The Google Home Max and Mini are the high and low-end speakers Google was missing

Google Home is growing up… and shrinking down.

Google surprised us all by launching not one, but two new Google Homes to round out its lineup of voice-enabled speakers: the Google Home Mini, a $49 hockey puck-sized speaker, and Google Home Max, a bassy $399 “premium” speaker.

The smaller cloth-covered Google Home Mini comes in a similar color scheme as the Google Home and Home Max: chalk, charcoal, and coral. Underneath the cloth cover is a five-watt speaker and four LED lights.

While the disk shape and limited color options won’t fit with everyone’s decor, I have to say I agree with Google’s assessment that it’s preferable over Amazon’s black plastic in the Echo and Echo Dot.

The Google Home Mini is powered by micro-USB, not USB-C (likely because it doesn’t charge on its own) and there’s a mute switch along the slightly rubberized bottom. Google says it paid particular attention to the fabric, so that it wouldn’t interfere with the speaker’s acoustics and muffle the sound.

In the limited demo that I had of the Google Home Mini, it definitely seemed like they were successful in this. Sound from the speaker was loud and clear, though it likely wouldn’t fill a large room. That said, I could easily see keeping it in a bedroom, or even a shoebox-sized San Francisco apartment.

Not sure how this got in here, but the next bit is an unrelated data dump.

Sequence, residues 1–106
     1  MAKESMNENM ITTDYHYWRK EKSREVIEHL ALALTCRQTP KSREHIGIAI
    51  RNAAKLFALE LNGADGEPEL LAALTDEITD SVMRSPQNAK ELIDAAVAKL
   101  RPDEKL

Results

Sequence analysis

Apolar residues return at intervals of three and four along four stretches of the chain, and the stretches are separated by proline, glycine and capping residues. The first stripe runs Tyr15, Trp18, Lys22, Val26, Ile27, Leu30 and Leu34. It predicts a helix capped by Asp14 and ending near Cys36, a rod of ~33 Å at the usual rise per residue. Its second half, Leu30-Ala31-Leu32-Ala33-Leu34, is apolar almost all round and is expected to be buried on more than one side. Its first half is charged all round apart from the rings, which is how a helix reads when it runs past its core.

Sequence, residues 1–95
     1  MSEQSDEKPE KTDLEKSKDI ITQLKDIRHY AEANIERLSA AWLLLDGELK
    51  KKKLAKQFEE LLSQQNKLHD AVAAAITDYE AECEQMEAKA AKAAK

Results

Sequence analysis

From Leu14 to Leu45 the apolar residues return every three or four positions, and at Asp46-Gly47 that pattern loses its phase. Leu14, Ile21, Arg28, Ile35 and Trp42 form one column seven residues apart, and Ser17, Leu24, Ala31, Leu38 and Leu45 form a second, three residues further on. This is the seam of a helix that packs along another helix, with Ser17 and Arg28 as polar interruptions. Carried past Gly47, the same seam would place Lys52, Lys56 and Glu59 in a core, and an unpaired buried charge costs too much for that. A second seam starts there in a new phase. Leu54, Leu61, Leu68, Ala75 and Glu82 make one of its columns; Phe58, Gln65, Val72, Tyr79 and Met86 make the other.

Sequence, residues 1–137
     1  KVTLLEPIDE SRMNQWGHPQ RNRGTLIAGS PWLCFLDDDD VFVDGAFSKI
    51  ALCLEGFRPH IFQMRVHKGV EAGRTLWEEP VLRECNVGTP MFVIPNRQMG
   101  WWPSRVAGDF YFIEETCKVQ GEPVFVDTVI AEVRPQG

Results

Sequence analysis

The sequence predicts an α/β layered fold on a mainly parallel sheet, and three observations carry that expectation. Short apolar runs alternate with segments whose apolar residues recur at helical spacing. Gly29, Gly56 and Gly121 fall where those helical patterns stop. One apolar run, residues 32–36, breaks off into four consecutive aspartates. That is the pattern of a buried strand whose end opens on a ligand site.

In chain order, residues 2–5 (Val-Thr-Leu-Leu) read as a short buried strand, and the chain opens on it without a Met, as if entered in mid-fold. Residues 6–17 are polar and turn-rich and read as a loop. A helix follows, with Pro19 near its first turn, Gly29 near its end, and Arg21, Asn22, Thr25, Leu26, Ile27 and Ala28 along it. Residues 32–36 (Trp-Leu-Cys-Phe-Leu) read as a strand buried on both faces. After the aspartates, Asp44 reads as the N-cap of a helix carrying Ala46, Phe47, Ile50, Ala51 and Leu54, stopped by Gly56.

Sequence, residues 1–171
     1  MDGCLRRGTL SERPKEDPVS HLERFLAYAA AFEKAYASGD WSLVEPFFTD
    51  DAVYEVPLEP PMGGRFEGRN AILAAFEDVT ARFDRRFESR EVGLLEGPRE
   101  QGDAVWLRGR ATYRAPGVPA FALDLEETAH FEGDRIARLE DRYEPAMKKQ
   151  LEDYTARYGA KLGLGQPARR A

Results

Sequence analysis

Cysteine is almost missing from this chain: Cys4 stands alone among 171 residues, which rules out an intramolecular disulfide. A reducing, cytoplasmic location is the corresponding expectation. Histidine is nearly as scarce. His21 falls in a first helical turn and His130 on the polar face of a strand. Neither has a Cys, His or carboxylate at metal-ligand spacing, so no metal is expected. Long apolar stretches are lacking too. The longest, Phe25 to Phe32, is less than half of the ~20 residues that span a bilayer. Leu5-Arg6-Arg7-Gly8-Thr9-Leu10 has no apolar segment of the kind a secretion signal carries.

The Google Home Max, on the other hand, is designed so that its sound will easily fill a whole room. It has dual 4.5-inch woofers built in, and it’s not difficult to tell that Google spent extra time making sure the bass sounded good.

Like the Mini, the Max is also cloth-covered (chalk and charcoal only) and has LED indicator lights on the front. Each one also has an AUX port, so you’re not limited to Bluetooth as the only input.

If you have multiple speakers, you can link them together, or link them to other Google Home speakers you already have.

Google says it’s equipped the Max with a special AI-enable feature called “smart sound,” which automatically detects the speaker’s surroundings and optimizes its output based on what it picks up. It wasn’t possible to test this in Google’s demo area, but it certainly fits in with Google’s theme of more closely marrying its hardware and software features together.

One of the nice things about Google’s approach to all its Google Home products is that it doesn’t limit features to certain models. All of the Google Home speakers will have the same functionality in terms of Assistant capabilities like Voice Match, which allows the speaker to distinguish between different voices in the same household.

And, now that it has a total of three Google Home speakers (the Mini lands in stores in October and the Max in November), Google Home feels like an actual product line that can compete with the likes of Amazon and others.